According to a legend, a Brahmin sage, Divakara Muni Vilwamangalam, used this location to perform poojas and carry out penance. Once, Lord Narayana appeared before him in the avatar of a boy. The sage was overwhelmed with the divine radiance the child exuded and asked him who he was. The boy told him he was an orphan. The sage took pity and offered the boy to stay with him. The boy put a condition forth to the sage stating he would leave if he were ever humiliated. The sage agreed his condition and took him in happily. The young boy served the sage for some time but began playing juvenile pranks on him. When the pranks were intolerable, the sage reacted in a fit of anger. The young boy, feeling humiliated by the sage's reaction, proclaimed that he will leave him and if the sage wishes to see him again, he will have to go to the forest of Serpent God, Anantha. This forest is also known as Ananthankat.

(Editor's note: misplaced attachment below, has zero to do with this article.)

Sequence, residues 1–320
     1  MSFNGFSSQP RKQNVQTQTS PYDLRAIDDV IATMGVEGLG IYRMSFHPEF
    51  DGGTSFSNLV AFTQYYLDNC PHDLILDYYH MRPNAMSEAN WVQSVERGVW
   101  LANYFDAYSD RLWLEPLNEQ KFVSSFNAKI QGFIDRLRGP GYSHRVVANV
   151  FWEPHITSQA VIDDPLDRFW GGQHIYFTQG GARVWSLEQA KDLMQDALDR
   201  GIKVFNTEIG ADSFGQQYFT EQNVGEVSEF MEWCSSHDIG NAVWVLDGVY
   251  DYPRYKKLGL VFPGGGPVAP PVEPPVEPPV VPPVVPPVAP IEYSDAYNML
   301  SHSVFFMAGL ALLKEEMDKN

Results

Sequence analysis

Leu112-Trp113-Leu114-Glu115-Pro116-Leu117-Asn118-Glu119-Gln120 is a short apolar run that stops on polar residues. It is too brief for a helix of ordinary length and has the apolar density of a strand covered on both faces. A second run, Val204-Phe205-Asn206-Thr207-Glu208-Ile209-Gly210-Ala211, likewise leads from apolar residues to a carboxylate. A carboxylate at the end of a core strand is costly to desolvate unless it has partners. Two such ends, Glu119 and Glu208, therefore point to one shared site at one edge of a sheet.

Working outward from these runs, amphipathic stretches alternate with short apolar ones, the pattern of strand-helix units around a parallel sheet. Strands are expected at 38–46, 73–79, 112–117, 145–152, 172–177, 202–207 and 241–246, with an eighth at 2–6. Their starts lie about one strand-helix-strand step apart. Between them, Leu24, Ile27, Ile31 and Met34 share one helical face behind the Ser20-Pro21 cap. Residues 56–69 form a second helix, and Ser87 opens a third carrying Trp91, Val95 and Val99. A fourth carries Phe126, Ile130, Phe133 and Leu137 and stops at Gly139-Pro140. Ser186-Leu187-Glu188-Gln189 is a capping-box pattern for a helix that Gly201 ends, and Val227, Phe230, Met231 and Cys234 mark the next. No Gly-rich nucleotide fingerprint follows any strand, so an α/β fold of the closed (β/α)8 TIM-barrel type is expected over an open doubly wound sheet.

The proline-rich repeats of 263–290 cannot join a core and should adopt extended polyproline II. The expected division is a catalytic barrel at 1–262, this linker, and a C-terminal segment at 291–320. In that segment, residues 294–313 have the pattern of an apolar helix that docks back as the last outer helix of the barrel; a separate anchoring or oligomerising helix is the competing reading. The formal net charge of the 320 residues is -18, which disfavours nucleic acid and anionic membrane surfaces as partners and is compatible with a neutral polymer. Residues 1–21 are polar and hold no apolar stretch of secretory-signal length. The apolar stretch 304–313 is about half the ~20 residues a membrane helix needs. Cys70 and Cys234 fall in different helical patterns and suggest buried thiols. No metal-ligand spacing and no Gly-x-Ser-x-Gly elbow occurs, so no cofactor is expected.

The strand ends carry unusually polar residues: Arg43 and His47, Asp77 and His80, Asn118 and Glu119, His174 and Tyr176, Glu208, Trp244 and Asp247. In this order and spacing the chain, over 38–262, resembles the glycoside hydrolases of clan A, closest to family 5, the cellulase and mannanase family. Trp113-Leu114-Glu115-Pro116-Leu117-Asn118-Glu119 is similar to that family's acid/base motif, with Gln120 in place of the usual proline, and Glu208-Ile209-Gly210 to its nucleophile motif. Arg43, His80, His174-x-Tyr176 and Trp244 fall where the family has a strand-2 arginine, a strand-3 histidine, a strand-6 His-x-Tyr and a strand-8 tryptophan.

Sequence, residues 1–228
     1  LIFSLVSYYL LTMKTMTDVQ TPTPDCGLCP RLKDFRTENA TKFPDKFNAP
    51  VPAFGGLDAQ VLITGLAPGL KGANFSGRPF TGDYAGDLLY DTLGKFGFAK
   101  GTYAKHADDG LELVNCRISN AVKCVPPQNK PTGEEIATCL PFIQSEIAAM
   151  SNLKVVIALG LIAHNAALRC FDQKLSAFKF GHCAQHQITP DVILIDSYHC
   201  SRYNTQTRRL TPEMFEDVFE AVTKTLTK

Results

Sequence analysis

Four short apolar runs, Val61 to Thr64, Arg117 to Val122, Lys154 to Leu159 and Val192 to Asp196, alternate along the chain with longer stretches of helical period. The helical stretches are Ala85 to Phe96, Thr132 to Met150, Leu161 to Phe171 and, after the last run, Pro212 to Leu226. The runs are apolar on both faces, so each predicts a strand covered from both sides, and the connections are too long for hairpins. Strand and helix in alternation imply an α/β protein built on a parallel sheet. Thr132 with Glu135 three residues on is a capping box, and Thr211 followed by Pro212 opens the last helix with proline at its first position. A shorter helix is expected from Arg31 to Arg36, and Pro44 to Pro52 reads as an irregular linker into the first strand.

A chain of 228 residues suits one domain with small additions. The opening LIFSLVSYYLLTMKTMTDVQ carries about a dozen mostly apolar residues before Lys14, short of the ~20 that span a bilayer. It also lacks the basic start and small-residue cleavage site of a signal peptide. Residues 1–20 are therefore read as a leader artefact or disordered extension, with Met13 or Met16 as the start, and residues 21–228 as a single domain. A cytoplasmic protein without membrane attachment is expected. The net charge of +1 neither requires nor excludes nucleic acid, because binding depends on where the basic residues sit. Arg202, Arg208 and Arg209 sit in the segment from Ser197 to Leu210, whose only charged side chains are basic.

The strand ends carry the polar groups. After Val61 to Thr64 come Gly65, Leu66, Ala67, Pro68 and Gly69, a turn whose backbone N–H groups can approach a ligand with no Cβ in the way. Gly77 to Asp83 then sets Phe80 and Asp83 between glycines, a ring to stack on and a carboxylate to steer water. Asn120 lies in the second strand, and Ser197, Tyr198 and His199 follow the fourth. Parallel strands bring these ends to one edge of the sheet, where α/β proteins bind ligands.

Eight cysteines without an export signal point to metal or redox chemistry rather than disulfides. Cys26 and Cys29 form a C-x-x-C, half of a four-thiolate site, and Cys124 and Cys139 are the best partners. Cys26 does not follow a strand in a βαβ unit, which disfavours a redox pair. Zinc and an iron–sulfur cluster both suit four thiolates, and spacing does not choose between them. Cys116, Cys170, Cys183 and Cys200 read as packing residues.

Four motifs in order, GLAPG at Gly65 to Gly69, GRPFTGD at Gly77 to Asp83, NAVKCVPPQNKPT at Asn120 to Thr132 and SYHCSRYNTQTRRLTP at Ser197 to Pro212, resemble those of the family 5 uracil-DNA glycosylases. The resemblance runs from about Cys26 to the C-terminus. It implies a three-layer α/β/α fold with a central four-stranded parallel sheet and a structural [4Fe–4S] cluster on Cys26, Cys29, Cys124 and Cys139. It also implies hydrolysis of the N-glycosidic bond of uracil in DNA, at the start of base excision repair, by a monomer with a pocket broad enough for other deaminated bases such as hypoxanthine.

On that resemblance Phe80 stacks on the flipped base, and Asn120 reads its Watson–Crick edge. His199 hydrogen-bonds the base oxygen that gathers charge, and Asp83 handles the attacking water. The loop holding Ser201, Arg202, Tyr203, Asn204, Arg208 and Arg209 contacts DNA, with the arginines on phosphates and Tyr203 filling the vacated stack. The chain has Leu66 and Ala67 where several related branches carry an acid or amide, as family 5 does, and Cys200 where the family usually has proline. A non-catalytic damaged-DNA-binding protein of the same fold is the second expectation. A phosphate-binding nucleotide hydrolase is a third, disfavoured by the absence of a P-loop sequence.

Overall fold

The sage soon realised that the boy was an avatar of God himself and he followed him. He soon found a cave where the boy had disappeared. He followed the route and reached the sea. As he walked further down south, he reached an area near the sea that had Illipa trees (Mahua trees). It was here that the sage saw the child disappear into a huge Illipa tree which fell immediately and took the form of Lord Vishnu resting on thousands of serpents.
According to another interesting legend, a devotee of Lord Krishna, Sree Vilvamangalathu Swami, was doing a pooja for Krishna. Lord Krishna appeared at the location in the avatar of a young boy and began troubling him to disturb the pooja. Saint Vilvamangalathu got annoyed and pushed the boy aside. The boy disappeared into a cave, and when the saint saw this, he realised that it was nobody ordinary but Lord Krishna himself.